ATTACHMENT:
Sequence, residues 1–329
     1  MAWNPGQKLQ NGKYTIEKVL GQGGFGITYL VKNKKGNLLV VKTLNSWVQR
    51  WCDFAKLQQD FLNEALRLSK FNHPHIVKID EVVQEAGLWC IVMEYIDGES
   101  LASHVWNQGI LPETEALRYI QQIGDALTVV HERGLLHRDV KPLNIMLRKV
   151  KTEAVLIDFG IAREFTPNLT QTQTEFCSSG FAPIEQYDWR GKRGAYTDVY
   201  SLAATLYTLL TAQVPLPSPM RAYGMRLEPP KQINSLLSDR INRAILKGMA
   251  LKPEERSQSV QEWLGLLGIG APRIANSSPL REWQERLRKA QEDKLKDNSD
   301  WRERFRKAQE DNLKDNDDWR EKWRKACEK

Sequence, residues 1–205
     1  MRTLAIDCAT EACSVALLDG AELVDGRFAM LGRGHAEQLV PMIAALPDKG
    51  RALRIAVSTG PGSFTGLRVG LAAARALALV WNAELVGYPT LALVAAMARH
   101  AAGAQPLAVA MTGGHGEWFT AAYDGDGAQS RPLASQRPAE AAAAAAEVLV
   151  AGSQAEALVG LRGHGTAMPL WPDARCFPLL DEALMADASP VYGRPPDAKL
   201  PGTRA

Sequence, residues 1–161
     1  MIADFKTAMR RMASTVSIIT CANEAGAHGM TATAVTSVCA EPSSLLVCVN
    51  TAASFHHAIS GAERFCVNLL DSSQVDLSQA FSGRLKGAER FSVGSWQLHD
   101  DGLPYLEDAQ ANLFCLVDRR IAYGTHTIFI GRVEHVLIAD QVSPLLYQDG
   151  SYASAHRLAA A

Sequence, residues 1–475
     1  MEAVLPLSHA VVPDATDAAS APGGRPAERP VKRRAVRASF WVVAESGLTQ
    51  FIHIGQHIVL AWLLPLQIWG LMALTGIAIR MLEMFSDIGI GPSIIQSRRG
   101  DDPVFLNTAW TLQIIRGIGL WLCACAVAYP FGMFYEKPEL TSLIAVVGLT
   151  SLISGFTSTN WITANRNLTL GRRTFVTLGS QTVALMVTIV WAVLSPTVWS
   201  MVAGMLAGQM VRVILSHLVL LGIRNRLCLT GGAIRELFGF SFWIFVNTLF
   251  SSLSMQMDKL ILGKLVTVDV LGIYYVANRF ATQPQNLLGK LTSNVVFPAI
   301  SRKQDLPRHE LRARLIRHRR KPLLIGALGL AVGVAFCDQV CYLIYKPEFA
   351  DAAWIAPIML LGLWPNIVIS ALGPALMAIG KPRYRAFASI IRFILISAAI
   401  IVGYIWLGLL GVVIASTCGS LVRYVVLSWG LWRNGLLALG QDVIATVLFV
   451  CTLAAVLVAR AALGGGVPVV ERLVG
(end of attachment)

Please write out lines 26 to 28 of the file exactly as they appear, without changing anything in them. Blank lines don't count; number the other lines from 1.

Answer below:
   251  SSLSMQMDKL ILGKLVTVDV LGIYYVANRF ATQPQNLLGK LTSNVVFPAI
   301  SRKQDLPRHE LRARLIRHRR KPLLIGALGL AVGVAFCDQV CYLIYKPEFA
   351  DAAWIAPIML LGLWPNIVIS ALGPALMAIG KPRYRAFASI IRFILISAAI